Simon Wald-Lasowski
Holding onto and letting go


This interview took place in Simon Wald-Lasowski's studio in Amsterdam, on the 14th of April 2022 and is part of a research initiated in 2021 by KIOSK with Myrna D’Ambrosio on artists’ collections.

Myrna D’Ambrosio: I'd love to know how the assemblage of all these various objects displayed in your studio began.

Simon Wald-Lasowski: I started with the seriality of meaningless or valueless objects that when multiplied generate fascination. I'm not a collector in the traditional sense anymore; when you're a true collector you always think about what’s missing. As soon as you find one object, you're already starting to think about the next. You're never in the moment, you're always in the past or in the future. I used to have that kind of restlessness, an obsessiveness about acquiring. It's always about making the collection grow; it creates stress and you can never really appreciate one singular item.

MD: Was there one kind of object in particular that drove this behaviour?

SWL: I think there’s a general type of personality that is maybe prone to addiction or obsession. I started collecting multiple things at the same time. My grandfather was also a collector. Recently I started to reflect on why that may have been the case: he was a Polish Jew, lost all his family in the Second World War. When he finally found a place to settle, he started accumulating things as a way to have control over his environment, to hold onto memories, you know, after losing everything.

He was a very charismatic person, every time he ate out he would talk to the owner of the restaurant and ask them to sign the menus; or he would add a note about what he had eaten there. He also collected cigar papers that he smoked, or whiskey bottle labels: common collectibles, like stamps or coins. But I was always fascinated by these menus which preserved memories for him and revealed more about his story. I also like them because of the tactility of the types of paper, the colour, the fonts, the different photos of the food.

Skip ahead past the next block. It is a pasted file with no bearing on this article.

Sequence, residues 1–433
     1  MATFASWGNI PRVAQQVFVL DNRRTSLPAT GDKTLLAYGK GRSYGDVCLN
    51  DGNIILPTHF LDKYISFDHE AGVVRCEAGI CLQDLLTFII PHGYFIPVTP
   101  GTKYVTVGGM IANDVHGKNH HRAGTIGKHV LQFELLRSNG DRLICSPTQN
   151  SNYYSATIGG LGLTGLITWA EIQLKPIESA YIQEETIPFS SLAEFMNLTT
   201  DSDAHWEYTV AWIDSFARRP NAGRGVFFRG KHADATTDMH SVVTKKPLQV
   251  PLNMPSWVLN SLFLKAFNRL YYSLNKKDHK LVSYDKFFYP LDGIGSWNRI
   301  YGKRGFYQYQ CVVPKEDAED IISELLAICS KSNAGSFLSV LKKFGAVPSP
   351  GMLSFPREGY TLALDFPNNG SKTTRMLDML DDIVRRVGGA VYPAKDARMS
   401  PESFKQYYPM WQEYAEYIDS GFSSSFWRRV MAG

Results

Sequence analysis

MD: I’ve never heard of a menu collection! Perhaps your grandfather didn’t even consciously conceive of this as a collection per se, especially given how not everyone positively connotes the status of collector

SWL: I'm not personally offended by the word collection, I embrace it in many ways, I can identify and relate to it. But for example, you could also say that mine is ‘a museum’. In that sense the collector holds a responsibility of care and attention towards their objects.

MD: Are all of the objects that you gather somehow reused in your work? The composition of barber brushes in your home for example feels more like an art piece in itself. How do you separate the two?

SWL: I do separate objects which are for my personal enjoyment and objects as material.

Matisse described his collection as a “bibliothèque de travail” or “working library”. He returned to the same objects again and again with new ideas about colour, form, and technique.

Louis Aragon was a French poet. He was one of the leading voices of the surrealist movement. While reacting to the importance of objects in the oeuvre of Henri Matisse, Aragon coined the term “Palette d’objets”. This is a term that I can relate to.

Therefore, you could call my collections a collection, or you could call it a library, or a palette. An ‘art collection’ is also called a collection. There are people who go to flea markets and collect knickknacks; and there are others who spend millions on art: they are both referred to as collectors, which is also kind of funny.

MD: This opens up the question about value. In your practice, you sometimes manipulate cheap, readymade objects which will automatically gain worth in the process

SWL: I am interested in the perception of spiritual versus economic value of ordinary goods. Plastic Chinese manufactured items for example are often easily discarded.